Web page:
Systems and procedures don’t get business owners excited – at first. But attitudes change when they actually put them to work and see the results. Do you want a team that is productive and delivers consistent quality and service? Or a business that is efficient and profitable, with a lot less effort? If so, it’s time to make systems and procedures a priority.
Are You Ignoring Business Systems?
Systems are nothing more than ‘routines’ that are applied to business tasks. Parents rely on morning and bedtime routines to create a structure that reduces stress and meet deadlines like getting to work on time. Business systems do the same thing. So why do so many small business owners ignore them?
Many assume that only big businesses or franchises need them. They’ll say things like, ‘We’re small, we talk to each other, and we all know what needs to be done’. And maybe this is true when you first get started and it’s just you or maybe your spouse.
But what happens when you grow and suddenly you are serving more customers, or bringing in new staff? What happens when people leave and take the knowledge they gained with them? What happens when you want to outsource or delegate work you currently do? What happens when you, as the owner, want to go away for two weeks with your family?
If you want a profitable business that works for you, whether you are there or not, then make business systems a priority.
Ready to Get Started?
As you get started, here is the best advice I can give you based on my work with clients. Think one procedure at a time. You will eventually end up with a how-to manual, but the thought of doing a manual is simply too overwhelming. Instead set a goal to document, communicate and implement one system or procedure every week (or another timeframe that works for you).
This approach keeps you focused on small steps, allows you to implement changes as you go, and will get you results faster! As clients often learn, each time you develop and implement a procedure, you experience improvements — in efficiency, productivity and profit.
8-Step Approach To Create Systems
Identify Events. Most processes are triggered by events that occur in your business. Some examples include you get a lead or new customer, you receive a bill, you need to hire a new employee, you get a customer complaint, you need to schedule a service appointment, order supplies or prepare a quote. Start by making a list of the different events in your business.
Prioritize the List. When it comes to documenting your procedures, start with the ones that are most important to you. Choose those that make you money, free up your time, are currently causing poor customer service or duplication of effort among your team. In other words, focus on the things that need fixing or cost you money.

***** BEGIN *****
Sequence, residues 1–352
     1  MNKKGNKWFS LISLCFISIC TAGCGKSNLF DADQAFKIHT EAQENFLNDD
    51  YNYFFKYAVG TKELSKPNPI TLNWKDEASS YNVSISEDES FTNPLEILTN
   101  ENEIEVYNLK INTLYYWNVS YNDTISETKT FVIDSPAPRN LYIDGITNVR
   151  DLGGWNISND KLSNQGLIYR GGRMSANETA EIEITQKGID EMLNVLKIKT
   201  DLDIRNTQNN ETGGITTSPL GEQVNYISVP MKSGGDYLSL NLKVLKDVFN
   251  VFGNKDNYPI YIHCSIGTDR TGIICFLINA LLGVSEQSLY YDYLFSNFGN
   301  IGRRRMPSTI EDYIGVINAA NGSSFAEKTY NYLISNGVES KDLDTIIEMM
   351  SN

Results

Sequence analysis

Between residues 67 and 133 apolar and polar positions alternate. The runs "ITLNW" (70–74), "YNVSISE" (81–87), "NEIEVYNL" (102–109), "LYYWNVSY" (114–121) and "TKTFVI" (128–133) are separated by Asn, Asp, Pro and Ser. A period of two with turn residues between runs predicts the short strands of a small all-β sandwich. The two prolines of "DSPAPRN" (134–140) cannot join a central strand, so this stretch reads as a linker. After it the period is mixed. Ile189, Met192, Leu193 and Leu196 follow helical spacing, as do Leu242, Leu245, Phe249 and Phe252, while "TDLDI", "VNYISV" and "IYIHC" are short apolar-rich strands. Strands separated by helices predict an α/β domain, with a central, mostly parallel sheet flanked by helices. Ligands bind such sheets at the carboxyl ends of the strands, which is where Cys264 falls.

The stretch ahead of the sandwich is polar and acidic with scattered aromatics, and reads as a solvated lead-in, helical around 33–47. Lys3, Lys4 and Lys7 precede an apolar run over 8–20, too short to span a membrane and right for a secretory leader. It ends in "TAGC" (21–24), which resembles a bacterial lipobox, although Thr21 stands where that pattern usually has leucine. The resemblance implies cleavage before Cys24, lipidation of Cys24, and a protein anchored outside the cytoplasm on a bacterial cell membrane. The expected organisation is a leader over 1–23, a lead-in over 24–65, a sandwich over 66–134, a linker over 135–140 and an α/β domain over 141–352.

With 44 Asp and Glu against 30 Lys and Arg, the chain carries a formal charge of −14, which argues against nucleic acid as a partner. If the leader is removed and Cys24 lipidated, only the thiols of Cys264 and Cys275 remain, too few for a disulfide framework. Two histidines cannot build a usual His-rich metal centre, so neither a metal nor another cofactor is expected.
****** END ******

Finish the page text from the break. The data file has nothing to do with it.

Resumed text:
Write Down How It Gets Done. Once you select the process you wish to document, pull together any supporting documents or information. This includes paper, digital (on your computer) or software programs. Then write down step-by-step what you actually do. Keep it simple and reference the supporting documents or programs as appropriate. The best people to document a procedure are those who actually use or implement them.
Refine Your Process. The goal with procedures is to create repeatability, regardless of who performs the task. Initial attempts often contain missing or unclear steps, so others cannot easily replicate the task. I recommend you give the written process to someone unfamiliar with the task – and ask him/her to attempt to perform it based only on what you wrote down. You will then find the gaps and can fix them. Now you have a procedure that others can easily follow.
Determine How You Will Measure Success. How will you know if your procedure is delivering the results you want? You won’t unless you measure it. For example, sales conversion rates are often used to evaluate a sales process. If you want to improve your business, don’t ignore this piece – because what we measure we can improve.
Put in Procedure Template. Once you have it finished, type it up. Give it a title (and maybe a code) and save it in a computer folder. Remember to include any supporting documents too! For the template I use with my clients, click here.
Communicate & Implement. Once you complete a procedure, you want to get it working for you. Print and review the procedure with those who will be using it. Remember to discuss how you will measure success. Also, encourage them to provide feedback and look for new and better ways to get things done.
Monitor & Modify. Technology and other factors, including innovation, will create opportunities for improvement – if you look for them. So use the feedback, metrics and other information to look for ways to improve. Then be willing to modify your procedures when you uncover improvement opportunities!
Systematizing takes time. But every procedure you document and implement will start to add efficiency, productivity, and profit into your business. And as you start to see the benefits and results, you too will love systems!
Leverage Your Business With Systems
If you are serious about leveraging your business with systems and would benefit from some practical, how-to instructions, check out my Ultimate Guide for Systems and Procedures. Designed specifically for small business owners, my step-by-step guide with templates and examples makes it easy to do it yourself.